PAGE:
David Bourget (Western Ontario)
David Chalmers (ANU, NYU)
Rafael De Clercq
Jack Alan Reynolds
Learn more about PhilPapers
World Futures 60 (7):503 – 533 (2004)
Although the recent collapse and dissolution of the Soviet Union has significantly reduced the near-term probability of nuclear disaster, it constitutes wishful thinking to imagine that meaningful and effective global governance is possible in today's world. The term "global governance" suggests and implies a degree of order and control in the international community far beyond that which presently exists, and that in fact could only be achieved by means of a global government. The global governance myth has emerged to help people cope with the uncongenial and presumably unavoidable reality that we are living in a world in which global government is impossible, and in which therefore the international condition is most accurately described as "international anarchy." A dysfunctional myth is a belief that not only is false, but that discourages and deters thought and action toward overcoming uncongenial realities which are not, in fact, unavoidable. Global governance, in all likelihood, falls into the category of dysfunctional myth.
|Keywords||No keywords specified (fix it)|
|Categories||categorize this paper)|
Setup an account with your affiliations in order to access resources via your University's proxy server
Configure custom proxy (use this if your affiliation does not provide a proxy)
|Through your library|
References found in this work BETA
Hedley Bull (2012). The Anarchical Society: A Study of Order in World Politics. Columbia University Press.
Richard Falk (1995). On Humane Governance: Toward a New Global Politics. Penn State University Press.
Martin Hewson & Timothy J. Sinclair (1999). Approaches to Global Governance Theory. Monograph Collection (Matt - Pseudo).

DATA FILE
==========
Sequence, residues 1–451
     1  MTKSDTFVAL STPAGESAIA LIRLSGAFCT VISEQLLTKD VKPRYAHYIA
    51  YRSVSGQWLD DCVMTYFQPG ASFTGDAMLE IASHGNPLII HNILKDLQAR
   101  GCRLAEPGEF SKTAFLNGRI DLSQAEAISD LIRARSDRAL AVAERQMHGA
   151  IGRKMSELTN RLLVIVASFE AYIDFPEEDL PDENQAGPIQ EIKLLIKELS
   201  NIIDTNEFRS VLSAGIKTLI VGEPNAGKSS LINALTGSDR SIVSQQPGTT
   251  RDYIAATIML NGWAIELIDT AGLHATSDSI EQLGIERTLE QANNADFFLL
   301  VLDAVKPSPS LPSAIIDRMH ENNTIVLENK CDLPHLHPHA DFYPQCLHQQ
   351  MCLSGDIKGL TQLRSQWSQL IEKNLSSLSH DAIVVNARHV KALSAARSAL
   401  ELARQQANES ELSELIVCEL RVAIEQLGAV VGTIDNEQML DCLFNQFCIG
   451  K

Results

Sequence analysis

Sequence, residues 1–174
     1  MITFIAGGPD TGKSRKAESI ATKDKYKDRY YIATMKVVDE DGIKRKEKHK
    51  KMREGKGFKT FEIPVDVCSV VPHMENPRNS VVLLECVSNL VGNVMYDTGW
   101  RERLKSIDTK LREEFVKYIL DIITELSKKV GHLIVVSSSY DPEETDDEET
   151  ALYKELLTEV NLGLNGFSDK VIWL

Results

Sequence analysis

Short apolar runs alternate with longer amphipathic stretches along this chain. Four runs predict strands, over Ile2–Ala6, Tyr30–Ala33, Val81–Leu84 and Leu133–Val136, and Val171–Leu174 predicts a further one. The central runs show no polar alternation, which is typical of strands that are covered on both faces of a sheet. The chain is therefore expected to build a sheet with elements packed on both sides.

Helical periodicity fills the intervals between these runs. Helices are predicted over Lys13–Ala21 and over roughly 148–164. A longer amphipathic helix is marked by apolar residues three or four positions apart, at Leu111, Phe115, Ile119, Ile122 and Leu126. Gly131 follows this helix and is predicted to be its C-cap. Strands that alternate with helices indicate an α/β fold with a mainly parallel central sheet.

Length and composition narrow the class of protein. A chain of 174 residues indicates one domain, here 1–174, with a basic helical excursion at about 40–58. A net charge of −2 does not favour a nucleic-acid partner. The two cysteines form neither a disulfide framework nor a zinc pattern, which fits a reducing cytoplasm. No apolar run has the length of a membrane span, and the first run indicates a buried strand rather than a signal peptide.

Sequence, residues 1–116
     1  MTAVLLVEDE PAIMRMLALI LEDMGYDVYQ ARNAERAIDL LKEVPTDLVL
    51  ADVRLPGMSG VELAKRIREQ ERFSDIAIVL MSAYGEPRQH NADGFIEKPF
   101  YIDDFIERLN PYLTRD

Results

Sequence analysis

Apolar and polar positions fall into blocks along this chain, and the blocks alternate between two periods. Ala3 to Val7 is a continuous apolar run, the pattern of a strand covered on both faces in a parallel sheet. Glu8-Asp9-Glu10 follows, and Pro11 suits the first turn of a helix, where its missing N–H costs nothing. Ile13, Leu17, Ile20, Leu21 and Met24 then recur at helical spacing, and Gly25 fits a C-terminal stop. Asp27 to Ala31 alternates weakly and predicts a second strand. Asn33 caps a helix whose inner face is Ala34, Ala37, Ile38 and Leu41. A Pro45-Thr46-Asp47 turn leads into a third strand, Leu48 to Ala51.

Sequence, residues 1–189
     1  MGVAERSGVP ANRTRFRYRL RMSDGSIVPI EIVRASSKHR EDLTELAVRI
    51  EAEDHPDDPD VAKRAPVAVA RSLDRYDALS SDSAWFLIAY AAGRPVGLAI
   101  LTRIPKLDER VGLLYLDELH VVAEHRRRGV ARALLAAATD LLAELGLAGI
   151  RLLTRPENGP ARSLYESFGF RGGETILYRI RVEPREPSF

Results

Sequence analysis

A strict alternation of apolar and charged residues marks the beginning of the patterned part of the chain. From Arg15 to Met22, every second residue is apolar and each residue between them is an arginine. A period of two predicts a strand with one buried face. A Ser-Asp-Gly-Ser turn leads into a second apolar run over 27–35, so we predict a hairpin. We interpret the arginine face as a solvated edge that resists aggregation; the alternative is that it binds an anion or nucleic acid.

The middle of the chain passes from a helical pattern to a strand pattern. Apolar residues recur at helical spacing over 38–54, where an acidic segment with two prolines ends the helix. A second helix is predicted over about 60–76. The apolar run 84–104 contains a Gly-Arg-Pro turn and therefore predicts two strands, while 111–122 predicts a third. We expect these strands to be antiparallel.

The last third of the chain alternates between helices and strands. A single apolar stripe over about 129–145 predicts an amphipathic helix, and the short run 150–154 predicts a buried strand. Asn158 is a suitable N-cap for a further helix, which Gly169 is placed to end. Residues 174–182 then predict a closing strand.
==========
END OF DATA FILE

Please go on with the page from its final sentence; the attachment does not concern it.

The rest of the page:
Kenneth Neal Waltz (2001). Man, the State and War a Theoretical Analysis. Monograph Collection (Matt - Pseudo).
Citations of this work BETA
Emilian Kavalski (2009). Timescapes of Security: Clocks, Clouds, and the Complexity of Security Governance. World Futures 65 (7):527 – 551.
Similar books and articles
Ruth Bell, Sebastian Taylor & Michael Marmot (2010). Global Health Governance: Commission on Social Determinants of Health and the Imperative for Change. Journal of Law, Medicine & Ethics 38 (3):470-485.
Randall D. Germain & Michael Kenny (eds.) (2005). The Idea of Global Civil Society: Politics and Ethics in a Globalizing Era. Routledge.
Lawrence O. Gostin & Allyn L. Taylor (2008). Global Health Law: A Definition and Grand Challenges. Public Health Ethics 1 (1):53-63.
Leonid Grinin & Andrey Korotayev (2010). Will the Global Crisis Lead to Global Transformations? 2. The Coming Epoch of New Coalitions. Journal of Globalization Studies 1 (2):166-183.
Andreas Rasche & Dirk Ulrich Gilbert (2012). Institutionalizing Global Governance: The Role of the United Nations Global Compact. Business Ethics 21 (1):100-114.
James W. Nickel (2002). Is Today's International Human Rights System a Global Governance Regime? Journal of Ethics 6 (4):353-371.
Mathias Koenig-Archibugi & Michael Zürn (eds.) (2006). New Modes of Governance in the Global System: Exploring Publicness, Delegation and Inclusiveness. Palgrave Macmillan.
Added to index2009-01-28
Total downloads38 ( #93,623 of 1,777,407 )
Recent downloads (6 months)1 ( #289,892 of 1,777,407 )
How can I increase my downloads?